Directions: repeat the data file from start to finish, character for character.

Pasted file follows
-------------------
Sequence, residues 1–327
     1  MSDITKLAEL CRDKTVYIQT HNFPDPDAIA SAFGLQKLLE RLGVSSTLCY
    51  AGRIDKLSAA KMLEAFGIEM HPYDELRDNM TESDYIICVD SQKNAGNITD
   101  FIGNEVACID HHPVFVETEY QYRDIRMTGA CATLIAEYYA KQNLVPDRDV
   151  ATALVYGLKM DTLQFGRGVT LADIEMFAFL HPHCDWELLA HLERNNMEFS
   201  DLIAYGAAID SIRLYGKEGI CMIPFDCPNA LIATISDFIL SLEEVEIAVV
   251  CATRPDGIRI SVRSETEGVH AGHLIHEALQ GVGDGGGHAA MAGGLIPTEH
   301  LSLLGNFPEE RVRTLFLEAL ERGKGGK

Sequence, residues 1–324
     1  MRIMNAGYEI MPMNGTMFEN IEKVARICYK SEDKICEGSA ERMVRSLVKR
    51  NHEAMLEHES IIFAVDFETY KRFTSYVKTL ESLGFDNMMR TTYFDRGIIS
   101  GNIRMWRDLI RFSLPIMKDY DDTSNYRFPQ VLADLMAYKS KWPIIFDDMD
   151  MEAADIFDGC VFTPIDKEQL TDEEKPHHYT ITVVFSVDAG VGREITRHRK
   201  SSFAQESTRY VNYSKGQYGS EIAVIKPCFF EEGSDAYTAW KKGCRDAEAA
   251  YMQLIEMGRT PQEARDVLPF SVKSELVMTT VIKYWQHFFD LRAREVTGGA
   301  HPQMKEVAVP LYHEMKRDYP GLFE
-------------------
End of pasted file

Sequence, residues 1–327
     1  MSDITKLAEL CRDKTVYIQT HNFPDPDAIA SAFGLQKLLE RLGVSSTLCY
    51  AGRIDKLSAA KMLEAFGIEM HPYDELRDNM TESDYIICVD SQKNAGNITD
   101  FIGNEVACID HHPVFVETEY QYRDIRMTGA CATLIAEYYA KQNLVPDRDV
   151  ATALVYGLKM DTLQFGRGVT LADIEMFAFL HPHCDWELLA HLERNNMEFS
   201  DLIAYGAAID SIRLYGKEGI CMIPFDCPNA LIATISDFIL SLEEVEIAVV
   251  CATRPDGIRI SVRSETEGVH AGHLIHEALQ GVGDGGGHAA MAGGLIPTEH
   301  LSLLGNFPEE RVRTLFLEAL ERGKGGK

Sequence, residues 1–324
     1  MRIMNAGYEI MPMNGTMFEN IEKVARICYK SEDKICEGSA ERMVRSLVKR
    51  NHEAMLEHES IIFAVDFETY KRFTSYVKTL ESLGFDNMMR TTYFDRGIIS
   101  GNIRMWRDLI RFSLPIMKDY DDTSNYRFPQ VLADLMAYKS KWPIIFDDMD
   151  MEAADIFDGC VFTPIDKEQL TDEEKPHHYT ITVVFSVDAG VGREITRHRK
   201  SSFAQESTRY VNYSKGQYGS EIAVIKPCFF EEGSDAYTAW KKGCRDAEAA
   251  YMQLIEMGRT PQEARDVLPF SVKSELVMTT VIKYWQHFFD LRAREVTGGA
   301  HPQMKEVAVP LYHEMKRDYP GLFE